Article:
Showing Hands to Establish an Image

Showing Hands to Establish an Image

After winning a pot without a showdown, a player always has the option to show his or her cards to the table. It is widely considered a smart move to keep your cards face down and toss them into the muck as you drag in your winnings. In doing so, you're depriving your opponents of any information and keeping as much of your play as possible a mystery.

There are, however, times when showing your hand to the table may be advantageous. The idea we’ll explore here is how showing a hand in different spots can affect your perceived image at the table and how you can potentially use this tactic to exploit weaker players.

A poker player who is actively thinking at the table is consistently attempting to gather information about you and your play with the intentions of exploiting that information for maximum profits at a later time. What one must remember, though, is that amateur poker players tend to take any information that they can get, which, in itself, is exploitable. It’s rare showing your hand in an effort to establish an image will work against an experienced player, but against an amateur whose skills are less honed, this can be an effective move.

By choosing to show your hand, you’re essentially forcing information into an opponent’s memory banks. The good news is that your opponents will always be looking for information, so they will tend to remember the hands that you’ve shown down to the table. In theory, doing so can establish a momentary or even a lasting image against weak players.

First, let’s examine a situation where showing a solid hand can help to establish a tight image.

Let’s say you’re deep in a tournament and closing in on the bubble. You desperately long to cash but you’re short on chips, sitting with right around nine big blinds. Action folds to your button and you pick up {k-Hearts}{k-Clubs}. The clear move here is to move all in, which you do, and both of the blinds fold.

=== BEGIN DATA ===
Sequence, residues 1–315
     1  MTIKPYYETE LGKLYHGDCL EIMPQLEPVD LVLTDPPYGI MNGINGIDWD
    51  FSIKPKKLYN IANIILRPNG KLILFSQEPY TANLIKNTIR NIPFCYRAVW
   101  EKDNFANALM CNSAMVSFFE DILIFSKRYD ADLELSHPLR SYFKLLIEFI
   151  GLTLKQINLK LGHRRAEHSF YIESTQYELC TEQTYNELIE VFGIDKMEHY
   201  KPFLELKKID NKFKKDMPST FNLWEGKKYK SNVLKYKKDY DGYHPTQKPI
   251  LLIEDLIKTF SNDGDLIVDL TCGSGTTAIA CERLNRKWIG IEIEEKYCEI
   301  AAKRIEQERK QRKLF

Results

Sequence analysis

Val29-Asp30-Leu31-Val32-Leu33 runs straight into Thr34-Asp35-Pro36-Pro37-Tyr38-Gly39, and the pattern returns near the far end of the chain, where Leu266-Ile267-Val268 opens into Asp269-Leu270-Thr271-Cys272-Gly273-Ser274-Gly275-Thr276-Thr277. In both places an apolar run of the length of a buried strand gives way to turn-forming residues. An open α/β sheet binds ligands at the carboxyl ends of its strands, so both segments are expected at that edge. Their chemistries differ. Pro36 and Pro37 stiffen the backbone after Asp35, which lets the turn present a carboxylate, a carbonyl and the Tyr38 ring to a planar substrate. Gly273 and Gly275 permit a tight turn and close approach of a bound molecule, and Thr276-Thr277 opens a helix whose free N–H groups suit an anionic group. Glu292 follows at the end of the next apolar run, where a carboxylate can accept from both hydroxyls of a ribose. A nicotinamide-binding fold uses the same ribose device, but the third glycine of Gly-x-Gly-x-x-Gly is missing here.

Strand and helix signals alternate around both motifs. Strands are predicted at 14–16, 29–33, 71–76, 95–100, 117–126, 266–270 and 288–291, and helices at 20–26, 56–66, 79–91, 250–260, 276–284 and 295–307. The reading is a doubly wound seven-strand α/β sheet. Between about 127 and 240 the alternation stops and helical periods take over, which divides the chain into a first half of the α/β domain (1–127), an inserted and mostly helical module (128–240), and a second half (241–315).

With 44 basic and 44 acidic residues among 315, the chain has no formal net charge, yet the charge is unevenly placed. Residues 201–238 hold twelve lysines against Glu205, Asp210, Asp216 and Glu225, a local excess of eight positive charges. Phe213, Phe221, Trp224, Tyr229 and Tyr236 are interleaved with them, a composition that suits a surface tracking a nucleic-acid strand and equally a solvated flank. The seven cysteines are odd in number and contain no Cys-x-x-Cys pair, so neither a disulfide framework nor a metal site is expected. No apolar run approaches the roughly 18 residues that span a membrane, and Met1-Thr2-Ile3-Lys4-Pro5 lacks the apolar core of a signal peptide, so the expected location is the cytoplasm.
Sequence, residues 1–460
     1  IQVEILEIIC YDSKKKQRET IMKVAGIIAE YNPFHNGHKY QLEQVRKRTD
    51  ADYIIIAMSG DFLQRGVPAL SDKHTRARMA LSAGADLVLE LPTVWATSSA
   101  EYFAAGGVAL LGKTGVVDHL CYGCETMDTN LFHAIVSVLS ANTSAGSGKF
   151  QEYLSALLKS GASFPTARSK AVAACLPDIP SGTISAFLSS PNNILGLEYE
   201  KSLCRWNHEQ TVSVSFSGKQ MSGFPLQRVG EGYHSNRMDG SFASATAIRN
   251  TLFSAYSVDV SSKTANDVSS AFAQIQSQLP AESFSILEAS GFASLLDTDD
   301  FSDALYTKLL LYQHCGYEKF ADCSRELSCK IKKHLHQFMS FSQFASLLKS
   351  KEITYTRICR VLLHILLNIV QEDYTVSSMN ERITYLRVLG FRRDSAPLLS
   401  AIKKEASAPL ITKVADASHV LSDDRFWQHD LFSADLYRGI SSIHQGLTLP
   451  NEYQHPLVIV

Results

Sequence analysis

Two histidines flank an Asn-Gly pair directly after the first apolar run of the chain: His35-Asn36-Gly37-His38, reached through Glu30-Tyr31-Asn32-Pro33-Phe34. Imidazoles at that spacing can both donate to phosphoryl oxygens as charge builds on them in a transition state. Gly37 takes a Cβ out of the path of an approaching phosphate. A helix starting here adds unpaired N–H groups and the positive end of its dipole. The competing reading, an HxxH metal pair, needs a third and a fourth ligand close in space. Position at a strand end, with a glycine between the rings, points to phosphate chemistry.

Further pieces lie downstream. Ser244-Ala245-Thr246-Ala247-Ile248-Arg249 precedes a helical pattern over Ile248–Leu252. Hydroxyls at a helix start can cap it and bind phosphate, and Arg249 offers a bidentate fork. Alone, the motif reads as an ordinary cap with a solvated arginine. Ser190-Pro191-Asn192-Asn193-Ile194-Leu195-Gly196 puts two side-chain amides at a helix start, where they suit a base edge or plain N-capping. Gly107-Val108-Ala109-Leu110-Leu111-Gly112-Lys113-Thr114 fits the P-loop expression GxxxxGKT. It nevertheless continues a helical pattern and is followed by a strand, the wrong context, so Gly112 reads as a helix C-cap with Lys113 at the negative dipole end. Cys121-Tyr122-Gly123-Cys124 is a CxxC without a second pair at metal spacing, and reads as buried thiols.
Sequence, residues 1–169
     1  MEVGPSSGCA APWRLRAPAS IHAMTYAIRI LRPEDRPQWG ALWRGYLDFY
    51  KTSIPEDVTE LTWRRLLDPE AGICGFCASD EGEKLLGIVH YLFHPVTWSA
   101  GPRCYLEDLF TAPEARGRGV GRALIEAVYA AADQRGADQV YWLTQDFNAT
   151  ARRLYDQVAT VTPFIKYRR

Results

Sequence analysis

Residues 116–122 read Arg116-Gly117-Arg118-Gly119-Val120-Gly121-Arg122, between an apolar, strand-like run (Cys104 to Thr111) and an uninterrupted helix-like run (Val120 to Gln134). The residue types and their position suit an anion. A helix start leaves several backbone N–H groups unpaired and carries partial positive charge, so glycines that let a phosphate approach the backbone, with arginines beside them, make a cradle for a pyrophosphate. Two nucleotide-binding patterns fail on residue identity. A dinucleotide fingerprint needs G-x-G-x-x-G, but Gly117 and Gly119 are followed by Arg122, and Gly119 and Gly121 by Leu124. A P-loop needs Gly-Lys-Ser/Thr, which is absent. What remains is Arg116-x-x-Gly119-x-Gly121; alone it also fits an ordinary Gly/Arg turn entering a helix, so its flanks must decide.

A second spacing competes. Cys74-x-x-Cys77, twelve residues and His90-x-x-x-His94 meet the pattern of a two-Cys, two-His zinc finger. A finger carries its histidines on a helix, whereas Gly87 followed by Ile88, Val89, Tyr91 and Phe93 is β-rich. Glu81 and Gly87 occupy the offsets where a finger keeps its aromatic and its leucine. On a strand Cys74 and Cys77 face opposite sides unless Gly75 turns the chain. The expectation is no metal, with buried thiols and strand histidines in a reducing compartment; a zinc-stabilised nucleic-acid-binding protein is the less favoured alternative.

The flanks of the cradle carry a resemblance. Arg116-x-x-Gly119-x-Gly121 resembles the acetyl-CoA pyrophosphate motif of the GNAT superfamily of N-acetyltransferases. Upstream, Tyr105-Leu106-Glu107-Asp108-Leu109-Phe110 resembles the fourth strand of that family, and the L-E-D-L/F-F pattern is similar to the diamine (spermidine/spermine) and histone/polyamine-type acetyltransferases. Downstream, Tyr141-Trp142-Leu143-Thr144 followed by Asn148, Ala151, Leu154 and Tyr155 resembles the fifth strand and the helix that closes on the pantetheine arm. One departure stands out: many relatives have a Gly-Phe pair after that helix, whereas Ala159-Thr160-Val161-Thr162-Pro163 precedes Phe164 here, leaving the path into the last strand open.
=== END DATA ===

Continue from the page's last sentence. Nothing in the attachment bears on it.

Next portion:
After the hand you show your cards to the table, jokingly lamenting the lack of action that you received. The next hand you’re fortunate enough to see {a-Spades}{k-Clubs} and you move all in again and receive no calls. Once again you show down your hand.

Fast-forward to one orbit later. It folds around to you in the cutoff seat and you look down at {2-Hearts}{2-Spades}. As the bubble grows closer, this is not necessarily a spot where you could like a call, but it’s a good spot where you can move all in to steal the blinds and still be a slight mathematical favorite if someone calls.

Since you showed your premium hands to the table earlier, there is a chance that a weak player may end up folding a middle-of-the-road hand to your 10-big blind shove because he or she perceives you as tight. This image you’ve created from showing your hands earlier can increase your ability to take down blinds and antes and keep your tournament life alive.

Conversely, an aggressive image can be crafted by showing down a bluff to a weak player.

Let’s say that action folds to you in the cutoff and you open with {8-Diamonds}{6-Diamonds}, hoping to steal the blinds and antes. The big blind calls and you both see a flop of {q-Diamonds}{10-Spades}{2-Diamonds}. Your opponent check-calls a continuation bet from you and the {k-Clubs} hits the turn. He checks to you and you check back, allowing the {a-Spades} to complete the board. Your opponent checks again and you fire out a bet, attempting to steal the pot right there. Your opponent sighs, flashes {q-Clubs}{5-Clubs} for a pair of queens, and folds his hand.

“If you didn’t get me on the turn you got me on the river,” your opponent says with a chuckle. You smile and reply by flashing him your eight-high for absolute air.

There is a chance that your opponent will now perceive you as someone who is not afraid to bluff at pots and put money in with nothing. In the future, having this image with an opponent could get him to play back at you and try to buy pots from you because he thinks that you’re frequently holding nothing. Playing a bit more solidly against him and actually having a hand when he does play back at you could mean more value for you in the future.

On the other hand, this perception may prompt your opponent to play more hands against you, but continue to play passively against you. Your opponent might stay in hands, looking to connect with a board in the hope that you will bluff into his made hand. If your opponent fails at hitting flops, though, this could be just as profitable for you as you can continue with the aggression in hands that you play and thus rake in small pots to pad your stack.

Generally speaking, showing hands is not something you want to do too often. In fact, many players do just fine adopting a policy never to show hands under any circumstances. But it’s worth keeping in mind that against some opponents and under the right circumstances, showing a hand can be effective way to establish an image you can later exploit to your advantage.

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